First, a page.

Todd Gurley’s Health Remains an Interesting Question
Todd Gurley’s medical re-check from the Combine came back looking good and generally the reports of his recovery from a November ACL tear have been pretty positive. The good news on his knee, has kept Gurley in the mix to be the top running back selected in this draft and could even go in the top 20 overall. Though the reports are encouraging, Gurley represents an interesting case for the NFL draft as he offers immense upside, but carries with him greater risk than most other backs.
If Todd Gurley didn’t tear his ACL he not only would have been a lock to be the first running back selected in this draft, but he would be pushing for not only a top 10 selection, but he could even sneak into the top 5. Given how in recent years the running back position has been devalued some due to increased passing, running back by committee approaches and a concern with the longevity of the backs. The last two years has seen not a single back selected on the first day of the draft. Gurley is widely considered the best running back prospect since Adrian Peterson, and has all the makings of a franchise back capable of carrying a team into the playoffs. Even with the injury concern Gurley looks likely to go in the first round, but the injury leaves teams with three core questions they have to ask themselves.
1: Will Gurley lose any speed, acceleration, or agility long term due to the injury?:
Todd Gurley’s medical re-check went well, but that doesn’t mean he will automatically re-gain his speed, acceleration, quickness, and agility from pre-injury levels. Many players that suffer serious ACL injuries, don’t come back at the same level they were pre-injury. Sometimes it’s just a small loss of skill, that is barely noticeable. Other times though it’s a more significant reduction in skills which can have a major impact on that player’s level of play going forward.
Whatever team drafts Gurley does so without knowing fully what his skill level is going forward. That is a major risk, and one that could give some teams early in the first round a reason to pass on Gurley early. This risk isn’t likely to push Gurley out of the first round, but it’s definitely present and could thin his market.
2: How much can they rely on Gurley this season and what level will his performance be on?:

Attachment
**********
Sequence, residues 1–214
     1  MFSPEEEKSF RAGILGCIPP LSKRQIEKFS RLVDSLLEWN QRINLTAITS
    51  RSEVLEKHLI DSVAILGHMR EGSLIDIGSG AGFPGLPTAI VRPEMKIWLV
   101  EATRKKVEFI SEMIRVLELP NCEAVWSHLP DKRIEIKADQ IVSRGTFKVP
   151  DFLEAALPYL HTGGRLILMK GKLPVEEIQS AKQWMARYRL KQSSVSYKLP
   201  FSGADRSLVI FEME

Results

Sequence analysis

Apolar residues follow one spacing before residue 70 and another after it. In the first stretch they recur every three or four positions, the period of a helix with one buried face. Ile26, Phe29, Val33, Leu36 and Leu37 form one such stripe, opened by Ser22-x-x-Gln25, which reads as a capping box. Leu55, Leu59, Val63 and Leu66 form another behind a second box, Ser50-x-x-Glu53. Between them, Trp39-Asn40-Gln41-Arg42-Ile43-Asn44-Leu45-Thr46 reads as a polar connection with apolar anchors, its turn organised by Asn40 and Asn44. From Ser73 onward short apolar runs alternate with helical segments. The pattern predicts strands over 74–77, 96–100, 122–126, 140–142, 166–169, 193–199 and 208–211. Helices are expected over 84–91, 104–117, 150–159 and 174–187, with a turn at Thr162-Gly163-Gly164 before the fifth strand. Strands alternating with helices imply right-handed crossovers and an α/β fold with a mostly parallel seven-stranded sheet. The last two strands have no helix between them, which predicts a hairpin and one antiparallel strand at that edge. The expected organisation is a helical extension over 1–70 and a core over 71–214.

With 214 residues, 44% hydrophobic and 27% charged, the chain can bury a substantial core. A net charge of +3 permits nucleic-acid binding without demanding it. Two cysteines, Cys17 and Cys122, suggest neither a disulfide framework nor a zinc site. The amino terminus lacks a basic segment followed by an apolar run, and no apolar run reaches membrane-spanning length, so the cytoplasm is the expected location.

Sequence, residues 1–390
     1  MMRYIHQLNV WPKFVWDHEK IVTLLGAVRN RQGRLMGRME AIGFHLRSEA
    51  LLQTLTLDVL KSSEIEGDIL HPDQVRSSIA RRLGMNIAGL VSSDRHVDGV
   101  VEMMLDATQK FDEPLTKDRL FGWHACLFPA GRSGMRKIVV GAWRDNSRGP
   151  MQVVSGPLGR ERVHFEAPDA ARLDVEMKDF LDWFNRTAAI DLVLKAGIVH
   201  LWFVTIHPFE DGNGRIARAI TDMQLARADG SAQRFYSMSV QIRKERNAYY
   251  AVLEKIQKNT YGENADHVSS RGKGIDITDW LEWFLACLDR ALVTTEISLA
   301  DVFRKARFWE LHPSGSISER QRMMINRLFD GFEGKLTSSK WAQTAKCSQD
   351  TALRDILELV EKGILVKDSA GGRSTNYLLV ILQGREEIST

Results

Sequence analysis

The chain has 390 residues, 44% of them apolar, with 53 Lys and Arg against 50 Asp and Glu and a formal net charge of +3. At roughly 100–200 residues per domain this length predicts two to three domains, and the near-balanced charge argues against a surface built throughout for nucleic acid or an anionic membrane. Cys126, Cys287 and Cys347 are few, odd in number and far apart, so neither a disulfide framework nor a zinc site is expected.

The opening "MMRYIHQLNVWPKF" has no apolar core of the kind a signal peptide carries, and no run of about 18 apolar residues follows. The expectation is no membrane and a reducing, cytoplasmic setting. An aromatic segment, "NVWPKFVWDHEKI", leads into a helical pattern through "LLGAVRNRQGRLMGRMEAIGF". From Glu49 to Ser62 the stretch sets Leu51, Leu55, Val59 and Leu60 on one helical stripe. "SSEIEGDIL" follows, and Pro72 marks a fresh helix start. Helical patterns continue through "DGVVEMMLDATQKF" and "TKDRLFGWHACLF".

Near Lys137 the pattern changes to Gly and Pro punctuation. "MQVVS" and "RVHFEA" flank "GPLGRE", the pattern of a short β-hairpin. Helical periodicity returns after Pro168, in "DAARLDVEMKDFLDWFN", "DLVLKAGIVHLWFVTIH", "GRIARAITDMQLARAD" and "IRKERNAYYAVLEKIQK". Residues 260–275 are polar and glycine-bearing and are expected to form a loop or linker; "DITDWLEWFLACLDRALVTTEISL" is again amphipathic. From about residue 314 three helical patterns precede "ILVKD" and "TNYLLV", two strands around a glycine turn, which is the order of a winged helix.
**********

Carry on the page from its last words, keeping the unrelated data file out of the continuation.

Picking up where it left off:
While Adrian Peterson in 2012 changed the perception of how quickly and effective one could come back from an ACL injury, those types of expectations shouldn’t be placed on Gurley for this season. Typically the recovery period for an ACL injury is 11-12 months, meaning that unless Gurley is well ahead of schedule he might not even be ready for the start of the NFL season. There are definitely exceptions to the 11 month standard, but they are far from a guarantee. In addition it typically takes players over a year to feel where they were at pre-injury (assuming they get back to that point at all).
At the very least Gurley will likely start this season with a strict snap/carry count. It makes no sense to rush Gurley back and perhaps risk further injury. At the worst his recovery has a set back or goes slower than expected and Gurley isn’t even ready to start the season and misses time. Given a likely snap count and the fact that he might not be 100% effective this season. That means that a team would be losing a lot of value from 1 of the 5 years that they would get team control. It’s not a deal breaker, but it does mean Gurley will return less value than other first rounders.
3: How do they weigh the long-term injury risk?:
While there is generally the thought that ACL surgeries are common place in today’s NFL and players aren’t at further risk that simply isn’t the case. NFL players typically have a recurrence in the same knee or suffer an ACL injury in the opposite knee 15% (or more) of the time within 5 years from the initial injury. With the workload that Gurley gets as a running back and the strain on the knee the position entails, one has to believe that Gurley would be riskier than others for another serious knee injury.
With a team looking to invest a first round pick and that 4-5 year contract, they have to weigh the future injury potential in any decision to draft Gurley. The medical reports might be looking good now, but that doesn’t mean that Gurley isn’t at risk for a further injury.